Fifteen active-duty or veteran soldiers have matriculated at Harvard Law School this year. Among them is Anne Stark, who commanded a company that was responsible for the daily operations of a 500-soldier battalion.
New York financial expert George Koo is hoping to use his degree in international relations to propel him to a Ph.D. and later a potential job at the White House helping guide financial policy.
Inaugural winner Chelsea Clinton was on hand as the Harvard T.H. Chan School of Public Health recognized Blake Mycoskie of TOMS Shoes with this year’s Next Generation Award.
U.S. Sen. Elizabeth Warren returned to Harvard, along with others, to advocate that undergraduates consider careers in public service, as part of the “Public Interested” conference.
Students in the Harvard University chapter of Engineers Without Borders have been rehabilitating and improving a potable water system in the rural town of Pinalito in the Dominican Republic.
The timely and effective use of social media in the hours and days following the Boston Marathon bombings may serve as a model for other law enforcement agencies in the United States, according to a report published as part of the New Perspectives in Policing Series by the Program in Criminal Justice Policy and Management at Harvard Kennedy School.
Jack Schlossberg, grandson of President John F. Kennedy, honored the founder of an online charity that supports public schools and a combat veteran who is now a congresswoman during the 2013 John F. Kennedy New Frontier Awards.
Herman "Dutch" Leonard, the George F. Baker Jr. Professor of Public Management, talks about relief efforts in the Philippines and the challenges facing those trying to help following a major typhoon on Nov. 8 that has killed more than 2,500 people.
Helping part of coastal Chile to recover completely and prosper following the deadly 2010 earthquake and tsunami is the guiding ethos of Recupera Chile, an initiative based at Harvard’s David Rockefeller Center for Latin American Studies that involves half a dozen Harvard Schools.
Since its inception in 1958, the Edward S. Mason Fellows Program has brought “demonstrated leaders from developing, newly industrialized and transitional economy countries” to the Harvard Kennedy School. This year there are 89 Mason Fellows from 51 countries.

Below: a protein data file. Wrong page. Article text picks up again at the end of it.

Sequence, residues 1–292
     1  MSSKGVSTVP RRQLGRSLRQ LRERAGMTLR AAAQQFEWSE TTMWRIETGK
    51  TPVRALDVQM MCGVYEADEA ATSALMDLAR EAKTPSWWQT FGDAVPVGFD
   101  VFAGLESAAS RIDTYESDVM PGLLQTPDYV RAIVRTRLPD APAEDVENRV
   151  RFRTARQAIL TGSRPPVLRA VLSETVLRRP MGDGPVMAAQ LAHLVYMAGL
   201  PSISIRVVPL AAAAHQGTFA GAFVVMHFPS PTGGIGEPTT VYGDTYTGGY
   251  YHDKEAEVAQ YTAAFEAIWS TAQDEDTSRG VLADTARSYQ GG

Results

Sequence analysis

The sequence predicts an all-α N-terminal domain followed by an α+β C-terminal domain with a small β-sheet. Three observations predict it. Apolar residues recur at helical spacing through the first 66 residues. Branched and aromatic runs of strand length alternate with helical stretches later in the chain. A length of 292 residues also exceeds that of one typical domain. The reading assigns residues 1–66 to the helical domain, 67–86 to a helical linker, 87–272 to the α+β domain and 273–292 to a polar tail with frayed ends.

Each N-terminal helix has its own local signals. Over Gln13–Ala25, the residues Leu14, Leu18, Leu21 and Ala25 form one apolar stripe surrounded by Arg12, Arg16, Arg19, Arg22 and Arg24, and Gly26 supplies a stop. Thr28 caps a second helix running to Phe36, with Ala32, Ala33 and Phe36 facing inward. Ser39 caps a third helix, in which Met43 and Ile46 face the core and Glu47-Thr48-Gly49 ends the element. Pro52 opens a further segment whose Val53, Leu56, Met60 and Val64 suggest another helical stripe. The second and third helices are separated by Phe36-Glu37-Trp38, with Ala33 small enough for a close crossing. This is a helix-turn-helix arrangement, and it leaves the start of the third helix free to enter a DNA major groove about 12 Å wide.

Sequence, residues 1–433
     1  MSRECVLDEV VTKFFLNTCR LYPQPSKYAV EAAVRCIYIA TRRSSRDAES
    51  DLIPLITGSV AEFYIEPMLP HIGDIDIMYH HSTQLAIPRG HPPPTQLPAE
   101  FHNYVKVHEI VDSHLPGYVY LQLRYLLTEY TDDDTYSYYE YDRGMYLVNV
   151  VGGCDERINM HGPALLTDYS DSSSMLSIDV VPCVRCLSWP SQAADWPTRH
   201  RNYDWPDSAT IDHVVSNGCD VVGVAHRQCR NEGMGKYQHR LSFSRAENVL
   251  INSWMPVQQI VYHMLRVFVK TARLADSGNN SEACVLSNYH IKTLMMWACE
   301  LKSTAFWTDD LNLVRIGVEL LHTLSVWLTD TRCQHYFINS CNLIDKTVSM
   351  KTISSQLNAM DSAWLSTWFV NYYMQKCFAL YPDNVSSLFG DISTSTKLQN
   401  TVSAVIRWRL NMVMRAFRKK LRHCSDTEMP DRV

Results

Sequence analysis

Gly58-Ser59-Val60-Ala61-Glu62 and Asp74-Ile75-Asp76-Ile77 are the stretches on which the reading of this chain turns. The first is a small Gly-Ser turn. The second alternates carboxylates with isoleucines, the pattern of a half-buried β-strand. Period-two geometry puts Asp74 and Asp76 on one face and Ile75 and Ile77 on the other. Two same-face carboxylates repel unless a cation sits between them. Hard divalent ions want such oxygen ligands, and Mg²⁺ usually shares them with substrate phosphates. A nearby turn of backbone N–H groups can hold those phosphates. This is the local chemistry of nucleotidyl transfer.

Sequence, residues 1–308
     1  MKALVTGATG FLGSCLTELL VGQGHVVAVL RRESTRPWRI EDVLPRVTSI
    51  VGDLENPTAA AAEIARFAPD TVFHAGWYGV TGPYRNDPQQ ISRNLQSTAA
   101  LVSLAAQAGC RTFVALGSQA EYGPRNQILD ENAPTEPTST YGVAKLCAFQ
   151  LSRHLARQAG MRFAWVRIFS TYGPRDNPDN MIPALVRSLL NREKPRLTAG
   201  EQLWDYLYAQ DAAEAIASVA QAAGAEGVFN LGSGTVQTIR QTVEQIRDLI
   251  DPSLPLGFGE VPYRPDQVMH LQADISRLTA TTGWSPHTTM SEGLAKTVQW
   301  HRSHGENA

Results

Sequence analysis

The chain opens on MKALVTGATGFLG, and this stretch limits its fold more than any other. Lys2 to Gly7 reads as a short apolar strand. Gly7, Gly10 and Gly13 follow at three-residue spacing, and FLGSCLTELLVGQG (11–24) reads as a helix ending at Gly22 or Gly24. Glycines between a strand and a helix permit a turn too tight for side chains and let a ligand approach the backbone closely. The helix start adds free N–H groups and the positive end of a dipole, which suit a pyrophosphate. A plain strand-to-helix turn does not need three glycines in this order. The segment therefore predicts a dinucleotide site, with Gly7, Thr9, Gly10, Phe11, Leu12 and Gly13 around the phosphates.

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A sample of how Harvard graduate students from the Law School, Kennedy School, Business School, and the School of Public Health used the tools they sharpened at Harvard to help build a better world.
He grew up poor in Prague, but Jirka Jelinek '13 used his College years to learn, grow, and discover other parts of the world.
A sexual abuse victim and champion surfer, Mary Setterholm plans to use her degree from Harvard Divinity School to help others find their way back.
Volunteerism — not whether, but how best to give back — was at the forefront of the “Alumni Think Big” conference session on Saturday, as eight Harvard graduates and one visiting practitioner presented their “Big Ideas That Will Change the World” at a Wintersession forum.
Joseph P. Kennedy III kicked off Wintersession’s “Public Interested?” conference on Saturday, speaking about his life in public service and urging audience members to create their own careers by following their passions.
Harvard University has chosen 10 teams as finalists in the President’s Challenge for social entrepreneurship. President Drew Faust created the challenge to encourage student teams from across the University to develop entrepreneurial solutions to five of the world’s most important social issues.
Brazilian urban specialist Edgard Gouveia Jr., who has won international attention for his approach to grassroots development through game play, demonstrates his techniques to Harvard students.
What will the next generation of social entrepreneurs need to succeed? Analysts debated the future of the budding field — and Harvard students demonstrated it — at Harvard Kennedy School on Feb. 24.
Annemarie Ryu ’13 hopes to create an American market for tasty, nutritious jackfruit, while helping to support struggling Indian farmers at the same time.
New York City’s Center for Economic Opportunity (CEO) was named the winner of the Innovations in American Government Award today by the Ash Center for Democratic Governance and Innovation at the Kennedy School of Government.